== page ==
anneke wrote:
Quote:
I read several times that Amun as a ram-headed god was identified with some Nubian god. This identification lead to several large Amun temples to be built in Nubia (like Gebel Barkal???). Anyone know who this original Nubian deity was?


Gebel Barkal is a good example of Amun's worship in Nubia; I think it is the southernmost temple within ancient Egypt's sphere of influence. But as I've always understood it, Amun in ram form was adopted by the Kushites and did not actually displace or replace any particular Nubian deity. The Kushites really took to Amun. I always think of that famous granite statue of Taharqa at Kawa showing a miniscule Taharqa sheltered between the paws of a recumbent ram-headed Amun.
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Charly
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PostPosted: Wed May 11, 2005 7:39 pm    Post subject: Reply with quote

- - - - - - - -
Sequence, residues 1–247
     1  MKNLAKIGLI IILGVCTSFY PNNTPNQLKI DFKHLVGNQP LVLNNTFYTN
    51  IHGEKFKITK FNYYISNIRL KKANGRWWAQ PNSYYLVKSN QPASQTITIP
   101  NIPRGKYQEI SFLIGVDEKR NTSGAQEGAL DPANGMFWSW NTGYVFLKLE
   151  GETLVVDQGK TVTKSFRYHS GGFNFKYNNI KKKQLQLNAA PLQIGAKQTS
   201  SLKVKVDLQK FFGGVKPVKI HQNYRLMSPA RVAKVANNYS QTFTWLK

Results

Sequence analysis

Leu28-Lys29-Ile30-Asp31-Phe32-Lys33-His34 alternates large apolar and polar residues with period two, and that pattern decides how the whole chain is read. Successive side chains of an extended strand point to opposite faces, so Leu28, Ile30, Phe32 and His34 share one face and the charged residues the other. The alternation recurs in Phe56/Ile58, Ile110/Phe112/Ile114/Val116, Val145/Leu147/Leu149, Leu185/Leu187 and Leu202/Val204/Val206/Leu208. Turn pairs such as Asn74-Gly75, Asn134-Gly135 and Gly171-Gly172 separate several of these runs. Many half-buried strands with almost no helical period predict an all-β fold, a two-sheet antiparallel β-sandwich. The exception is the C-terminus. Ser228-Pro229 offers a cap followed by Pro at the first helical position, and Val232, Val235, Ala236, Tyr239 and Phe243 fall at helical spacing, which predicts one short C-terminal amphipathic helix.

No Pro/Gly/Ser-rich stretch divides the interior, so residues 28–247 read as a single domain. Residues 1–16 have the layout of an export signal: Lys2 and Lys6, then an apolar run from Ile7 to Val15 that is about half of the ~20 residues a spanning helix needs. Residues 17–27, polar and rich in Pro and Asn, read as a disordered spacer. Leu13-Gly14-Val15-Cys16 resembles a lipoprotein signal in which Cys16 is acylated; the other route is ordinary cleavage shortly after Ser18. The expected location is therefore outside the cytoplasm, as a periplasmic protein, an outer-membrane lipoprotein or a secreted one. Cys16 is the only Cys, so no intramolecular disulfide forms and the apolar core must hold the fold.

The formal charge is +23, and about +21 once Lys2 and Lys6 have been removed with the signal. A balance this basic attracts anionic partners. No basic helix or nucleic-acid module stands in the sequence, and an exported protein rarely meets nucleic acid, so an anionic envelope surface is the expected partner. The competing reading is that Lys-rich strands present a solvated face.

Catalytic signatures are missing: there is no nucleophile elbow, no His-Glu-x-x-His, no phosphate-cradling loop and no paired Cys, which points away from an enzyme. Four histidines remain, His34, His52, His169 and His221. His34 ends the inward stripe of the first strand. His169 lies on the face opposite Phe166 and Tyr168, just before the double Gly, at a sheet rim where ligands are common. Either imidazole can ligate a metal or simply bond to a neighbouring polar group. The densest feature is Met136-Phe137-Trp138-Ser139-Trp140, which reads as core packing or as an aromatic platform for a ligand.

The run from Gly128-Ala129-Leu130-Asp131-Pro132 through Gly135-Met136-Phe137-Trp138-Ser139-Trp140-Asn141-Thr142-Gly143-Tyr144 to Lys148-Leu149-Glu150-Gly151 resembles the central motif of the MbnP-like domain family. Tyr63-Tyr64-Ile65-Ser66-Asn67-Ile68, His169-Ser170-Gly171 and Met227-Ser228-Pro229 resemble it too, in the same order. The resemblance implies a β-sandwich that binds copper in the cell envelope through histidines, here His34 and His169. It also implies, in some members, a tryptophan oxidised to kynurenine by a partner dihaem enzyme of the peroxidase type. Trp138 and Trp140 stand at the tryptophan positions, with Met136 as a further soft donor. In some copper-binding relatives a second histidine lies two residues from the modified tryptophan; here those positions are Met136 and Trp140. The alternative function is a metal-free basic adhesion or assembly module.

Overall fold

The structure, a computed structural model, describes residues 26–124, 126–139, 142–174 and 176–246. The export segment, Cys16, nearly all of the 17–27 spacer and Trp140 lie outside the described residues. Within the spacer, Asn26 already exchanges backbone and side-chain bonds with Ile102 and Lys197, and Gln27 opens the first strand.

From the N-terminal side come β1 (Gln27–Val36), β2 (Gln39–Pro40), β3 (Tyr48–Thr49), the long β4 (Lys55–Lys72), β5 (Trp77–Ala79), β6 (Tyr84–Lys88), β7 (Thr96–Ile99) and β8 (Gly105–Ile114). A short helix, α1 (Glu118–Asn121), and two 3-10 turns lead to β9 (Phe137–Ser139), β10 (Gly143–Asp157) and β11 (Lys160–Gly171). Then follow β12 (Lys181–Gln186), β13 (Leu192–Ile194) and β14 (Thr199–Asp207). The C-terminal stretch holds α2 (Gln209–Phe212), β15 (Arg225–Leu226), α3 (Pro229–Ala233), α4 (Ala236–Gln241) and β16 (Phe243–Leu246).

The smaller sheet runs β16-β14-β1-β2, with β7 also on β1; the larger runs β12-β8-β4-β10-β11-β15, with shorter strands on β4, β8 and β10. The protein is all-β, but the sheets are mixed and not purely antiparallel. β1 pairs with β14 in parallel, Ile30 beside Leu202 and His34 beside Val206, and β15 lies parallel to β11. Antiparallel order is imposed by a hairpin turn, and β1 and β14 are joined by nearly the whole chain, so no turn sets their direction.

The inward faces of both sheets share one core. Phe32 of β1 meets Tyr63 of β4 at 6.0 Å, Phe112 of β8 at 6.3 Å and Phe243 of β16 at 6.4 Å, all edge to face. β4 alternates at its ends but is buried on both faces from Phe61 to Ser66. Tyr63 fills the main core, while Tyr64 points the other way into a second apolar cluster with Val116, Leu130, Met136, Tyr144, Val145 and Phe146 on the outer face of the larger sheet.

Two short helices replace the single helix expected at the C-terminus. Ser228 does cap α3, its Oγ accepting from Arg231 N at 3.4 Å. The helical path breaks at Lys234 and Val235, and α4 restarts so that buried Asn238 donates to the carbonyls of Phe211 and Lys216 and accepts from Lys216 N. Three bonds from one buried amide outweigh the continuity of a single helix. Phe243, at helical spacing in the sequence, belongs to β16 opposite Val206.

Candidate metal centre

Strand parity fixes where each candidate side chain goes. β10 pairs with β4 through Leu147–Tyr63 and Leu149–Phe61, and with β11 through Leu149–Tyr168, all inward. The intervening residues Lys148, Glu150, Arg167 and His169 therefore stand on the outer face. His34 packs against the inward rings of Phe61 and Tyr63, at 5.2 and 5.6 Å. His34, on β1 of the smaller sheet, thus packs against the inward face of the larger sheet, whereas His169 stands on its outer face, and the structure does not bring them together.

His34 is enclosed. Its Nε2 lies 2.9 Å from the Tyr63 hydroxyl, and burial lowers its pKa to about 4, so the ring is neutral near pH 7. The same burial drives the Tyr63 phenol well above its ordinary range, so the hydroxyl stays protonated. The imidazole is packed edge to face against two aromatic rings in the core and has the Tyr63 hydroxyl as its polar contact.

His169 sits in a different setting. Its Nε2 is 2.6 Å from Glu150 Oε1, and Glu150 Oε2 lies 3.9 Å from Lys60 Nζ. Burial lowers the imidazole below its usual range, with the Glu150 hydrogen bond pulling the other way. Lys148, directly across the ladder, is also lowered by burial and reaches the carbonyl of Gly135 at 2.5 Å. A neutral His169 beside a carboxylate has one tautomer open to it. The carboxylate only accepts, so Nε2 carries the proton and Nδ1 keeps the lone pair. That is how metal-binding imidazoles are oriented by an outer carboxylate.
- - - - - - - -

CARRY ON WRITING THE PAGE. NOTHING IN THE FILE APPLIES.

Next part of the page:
Another god of Nubian origin is Arensnuphis an anthropomorphic deity of Meroitic Nubia. His origins are unclear, but the god seems to have been indigenous to the area to the south of Egypt. He was equated with the Egyptian gods Onuris and Shu, sometimes merged with the latter as the syncretic deity Shu-Arensnuphis.

From: Richard H. Wilkinson, The Complete Gods and Goddesses of Ancient Egypt, London 2003.

In a german book 'Die Pharaonen des Goldlandes', Mannheim 1998; Karl-Heinz Priese says that Arensnuphis has been mistakenly thought to be Meroitic in origin. I guess he has to be a Nubian god then.
This author also suggest that a god named Khaskhas (meaning 'dancer'), mentionned in a funerary text, could be the Egyptian god Bes. According to the text he had a tempel in Kasr Ibrim. If the author is correct in his identification this would have been the only known temple dedicated to the god Bes.